Nelson is a wonderful writer, whose memoir/queer theory explosion The Argonauts was probably the best book I read last year. It got me interested in checking out some of her earlier work, The Red Parts and Jane, which are very different from The Argonauts, and from each other, but both exceptional books.
I wasn’t sure about writing about these books here, because Nelson doesn’t address her sexuality at all, but they’re both so good. We’re more than a single aspect of our identity. Here Nelson is writing as a daughter, a niece, a young woman who sees herself in her aunt’s fate.
I read The Red Parts first, and it opened up the world of Jane to me. Though it was written later, I think I’d recommend this reading order. Both books deal with the story of Nelson’s aunt, Jane, who had been murdered thirty-five years before. The crime was never solved. Nelson grew up with this story as a part of her family history. It shaped her childhood in ways that she didn’t really understand until she got older. Jane is the book of poetry she wrote trying to understand her aunt and the murder. Just before Jane was going to be published a detective called Nelson’s family and told them that they had found the murderer. The Red Parts is the memoir she wrote about this news, the ensuing trial, and how Nelson’s perspective on the case shifted with new information.
The Red Parts is a really compelling mix of true crime/detective story, family history, and writer’s journal. Nelson’s relationship to Jane’s death is informed by the fact that she just spent years writing a book of poetry about it. She’s done the research, she knows the facts, she’s visited the sites. And now all of this information is being presented in the new context of a trial. From her family it is just Nelson and her mother who are able to attend every day of the trial. We also see how Nelson went about writing Jane. Having her describe the process that created these poems made me really want to read them.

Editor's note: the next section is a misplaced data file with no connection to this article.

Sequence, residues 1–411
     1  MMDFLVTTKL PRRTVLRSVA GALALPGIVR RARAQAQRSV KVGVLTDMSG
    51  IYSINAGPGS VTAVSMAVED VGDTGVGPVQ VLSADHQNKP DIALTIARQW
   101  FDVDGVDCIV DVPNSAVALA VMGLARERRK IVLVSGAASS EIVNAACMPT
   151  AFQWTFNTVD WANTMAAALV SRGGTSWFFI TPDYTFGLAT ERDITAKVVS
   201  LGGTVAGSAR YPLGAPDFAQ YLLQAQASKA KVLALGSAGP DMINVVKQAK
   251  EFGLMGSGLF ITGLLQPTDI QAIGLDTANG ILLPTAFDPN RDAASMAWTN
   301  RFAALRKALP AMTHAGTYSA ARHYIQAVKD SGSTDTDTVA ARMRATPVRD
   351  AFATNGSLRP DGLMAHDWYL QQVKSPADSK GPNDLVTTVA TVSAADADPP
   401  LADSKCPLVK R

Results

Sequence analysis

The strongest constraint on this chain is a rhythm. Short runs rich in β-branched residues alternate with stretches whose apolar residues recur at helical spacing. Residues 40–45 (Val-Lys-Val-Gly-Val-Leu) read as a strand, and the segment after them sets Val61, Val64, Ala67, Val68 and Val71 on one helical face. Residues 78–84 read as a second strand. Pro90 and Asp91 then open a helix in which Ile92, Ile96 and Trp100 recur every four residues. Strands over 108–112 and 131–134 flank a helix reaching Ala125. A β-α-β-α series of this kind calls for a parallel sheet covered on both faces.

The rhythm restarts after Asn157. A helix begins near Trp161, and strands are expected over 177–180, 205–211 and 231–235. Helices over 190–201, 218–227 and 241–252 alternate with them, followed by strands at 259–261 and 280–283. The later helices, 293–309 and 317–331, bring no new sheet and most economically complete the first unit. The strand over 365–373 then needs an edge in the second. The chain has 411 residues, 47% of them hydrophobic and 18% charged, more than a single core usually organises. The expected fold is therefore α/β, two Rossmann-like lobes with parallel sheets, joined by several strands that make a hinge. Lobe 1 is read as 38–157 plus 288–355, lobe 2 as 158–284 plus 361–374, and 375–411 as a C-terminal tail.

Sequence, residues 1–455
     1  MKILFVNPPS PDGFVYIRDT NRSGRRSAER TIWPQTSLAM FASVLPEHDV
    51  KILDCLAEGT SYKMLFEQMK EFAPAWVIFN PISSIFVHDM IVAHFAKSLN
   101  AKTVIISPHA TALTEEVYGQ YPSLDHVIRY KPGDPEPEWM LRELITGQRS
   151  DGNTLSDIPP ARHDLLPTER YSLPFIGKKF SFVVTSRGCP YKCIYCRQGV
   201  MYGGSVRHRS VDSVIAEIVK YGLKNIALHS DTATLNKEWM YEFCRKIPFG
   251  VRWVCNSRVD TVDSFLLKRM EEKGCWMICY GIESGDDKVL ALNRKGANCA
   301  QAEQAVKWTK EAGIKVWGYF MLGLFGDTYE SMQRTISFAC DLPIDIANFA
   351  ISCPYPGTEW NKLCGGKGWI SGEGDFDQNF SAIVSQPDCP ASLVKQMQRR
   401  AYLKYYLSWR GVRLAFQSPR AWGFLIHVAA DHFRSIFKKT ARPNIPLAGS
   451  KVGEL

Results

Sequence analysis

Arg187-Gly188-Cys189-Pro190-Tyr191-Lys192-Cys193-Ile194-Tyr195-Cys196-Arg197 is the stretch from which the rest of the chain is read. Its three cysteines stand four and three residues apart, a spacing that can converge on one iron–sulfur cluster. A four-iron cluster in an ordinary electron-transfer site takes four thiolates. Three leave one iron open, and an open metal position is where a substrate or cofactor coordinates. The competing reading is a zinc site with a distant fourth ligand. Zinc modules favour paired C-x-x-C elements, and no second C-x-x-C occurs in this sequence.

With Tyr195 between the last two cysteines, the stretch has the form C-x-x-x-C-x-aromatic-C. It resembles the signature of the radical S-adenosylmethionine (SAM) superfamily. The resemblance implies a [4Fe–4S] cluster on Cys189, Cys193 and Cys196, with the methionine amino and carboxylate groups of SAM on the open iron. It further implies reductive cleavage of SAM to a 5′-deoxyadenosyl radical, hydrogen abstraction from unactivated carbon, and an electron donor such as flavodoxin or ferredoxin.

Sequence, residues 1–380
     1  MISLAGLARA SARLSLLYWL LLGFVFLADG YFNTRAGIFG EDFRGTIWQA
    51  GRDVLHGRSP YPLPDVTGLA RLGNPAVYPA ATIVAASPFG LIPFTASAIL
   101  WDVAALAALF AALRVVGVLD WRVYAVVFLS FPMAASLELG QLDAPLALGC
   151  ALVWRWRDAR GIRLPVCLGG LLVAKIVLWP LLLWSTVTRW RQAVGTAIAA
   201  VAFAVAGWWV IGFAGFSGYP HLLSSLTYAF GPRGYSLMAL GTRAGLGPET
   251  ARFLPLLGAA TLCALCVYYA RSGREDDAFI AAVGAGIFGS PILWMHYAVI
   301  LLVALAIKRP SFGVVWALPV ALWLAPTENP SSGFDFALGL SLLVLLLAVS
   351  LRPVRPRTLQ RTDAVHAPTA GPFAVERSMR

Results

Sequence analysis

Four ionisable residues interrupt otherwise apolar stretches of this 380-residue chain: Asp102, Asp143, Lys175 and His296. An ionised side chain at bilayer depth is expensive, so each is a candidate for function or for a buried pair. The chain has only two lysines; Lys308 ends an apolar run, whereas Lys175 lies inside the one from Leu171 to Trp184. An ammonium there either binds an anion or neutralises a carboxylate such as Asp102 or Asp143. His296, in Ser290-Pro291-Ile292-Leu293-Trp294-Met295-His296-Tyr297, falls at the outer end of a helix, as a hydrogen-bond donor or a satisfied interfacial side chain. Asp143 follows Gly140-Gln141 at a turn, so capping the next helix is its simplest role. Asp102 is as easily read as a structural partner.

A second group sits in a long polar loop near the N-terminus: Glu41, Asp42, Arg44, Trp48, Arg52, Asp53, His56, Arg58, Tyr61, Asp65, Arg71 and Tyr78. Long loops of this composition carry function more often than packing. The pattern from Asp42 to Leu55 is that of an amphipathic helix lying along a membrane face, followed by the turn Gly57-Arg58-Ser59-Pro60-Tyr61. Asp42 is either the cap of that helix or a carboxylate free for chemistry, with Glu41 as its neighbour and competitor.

That Jane is an artifact within The Red Parts informed how I approached it. It gave a backstory for how these words wound up on the page. In the poems she tracks down her aunt’s old boyfriend — we see more of how this happened in The Red Parts. It gives more history and context for everything that happened. While I’m sure the poems would stand on their own, having the memoir as well enriches the experience.
What really struck me reading Jane was the way it commented on the vulnerability of being a young woman. Jane was coming of age during the late sixties. She was rebelling from her parents, and starting to create her own life, which was suddenly halted because women, especially young women are vulnerable to male violence. While Jane was not raped, at the time her death was linked to a serial killer who did really horrific things to his victims. Nelson’s writing about violence against women, including sexual violence, is so raw. This vulnerability is something she shares with her aunt, something that has not changed or gone away. Both books riff off an Edgar Allen Poe quote wondering what the most poetic topic in the world is, and deciding it must be the death of a beautiful woman. That is almost the subject of Nelson’s poetry, but she’s equally preoccupied with asking what is it about our world that makes this a correct answer.
Both books are the sort of writing that sweeps you up and holds on. I didn’t mean to read The Red Parts in one night. I was going to read a little bit before bed, but not much, because I was worried about the true crime element giving me bad dreams. But then it was so good, and so compelling, and I couldn’t put it down. I spent a wonderful raining afternoon with Jane. It’s such a narratively gripping collection of poems. Even though I knew the story already from The Red Parts, I wanted to follow Nelson’s train of thought, and see where her poetic journey into her aunt’s murder lead. They’re beautiful, tragic books.